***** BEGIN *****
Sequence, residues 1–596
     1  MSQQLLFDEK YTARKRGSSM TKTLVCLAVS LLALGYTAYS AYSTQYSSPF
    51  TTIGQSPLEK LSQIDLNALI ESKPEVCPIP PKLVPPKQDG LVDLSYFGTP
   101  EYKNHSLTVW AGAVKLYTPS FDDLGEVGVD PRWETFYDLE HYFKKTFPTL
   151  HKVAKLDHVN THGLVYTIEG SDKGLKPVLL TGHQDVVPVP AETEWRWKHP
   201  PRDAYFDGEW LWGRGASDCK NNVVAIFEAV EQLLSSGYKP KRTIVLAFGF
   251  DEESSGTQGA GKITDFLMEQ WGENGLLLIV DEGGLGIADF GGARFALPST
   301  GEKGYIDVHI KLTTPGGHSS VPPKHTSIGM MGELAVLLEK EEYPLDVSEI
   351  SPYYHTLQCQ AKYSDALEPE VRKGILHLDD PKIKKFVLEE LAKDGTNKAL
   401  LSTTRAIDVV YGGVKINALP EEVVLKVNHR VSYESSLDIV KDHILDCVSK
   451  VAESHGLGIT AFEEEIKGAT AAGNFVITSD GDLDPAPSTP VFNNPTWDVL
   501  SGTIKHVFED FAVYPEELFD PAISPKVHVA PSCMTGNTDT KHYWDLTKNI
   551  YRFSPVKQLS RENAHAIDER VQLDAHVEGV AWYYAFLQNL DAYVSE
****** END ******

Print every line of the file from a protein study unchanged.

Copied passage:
Sequence, residues 1–596
     1  MSQQLLFDEK YTARKRGSSM TKTLVCLAVS LLALGYTAYS AYSTQYSSPF
    51  TTIGQSPLEK LSQIDLNALI ESKPEVCPIP PKLVPPKQDG LVDLSYFGTP
   101  EYKNHSLTVW AGAVKLYTPS FDDLGEVGVD PRWETFYDLE HYFKKTFPTL
   151  HKVAKLDHVN THGLVYTIEG SDKGLKPVLL TGHQDVVPVP AETEWRWKHP
   201  PRDAYFDGEW LWGRGASDCK NNVVAIFEAV EQLLSSGYKP KRTIVLAFGF
   251  DEESSGTQGA GKITDFLMEQ WGENGLLLIV DEGGLGIADF GGARFALPST
   301  GEKGYIDVHI KLTTPGGHSS VPPKHTSIGM MGELAVLLEK EEYPLDVSEI
   351  SPYYHTLQCQ AKYSDALEPE VRKGILHLDD PKIKKFVLEE LAKDGTNKAL
   401  LSTTRAIDVV YGGVKINALP EEVVLKVNHR VSYESSLDIV KDHILDCVSK
   451  VAESHGLGIT AFEEEIKGAT AAGNFVITSD GDLDPAPSTP VFNNPTWDVL
   501  SGTIKHVFED FAVYPEELFD PAISPKVHVA PSCMTGNTDT KHYWDLTKNI
   551  YRFSPVKQLS RENAHAIDER VQLDAHVEGV AWYYAFLQNL DAYVSE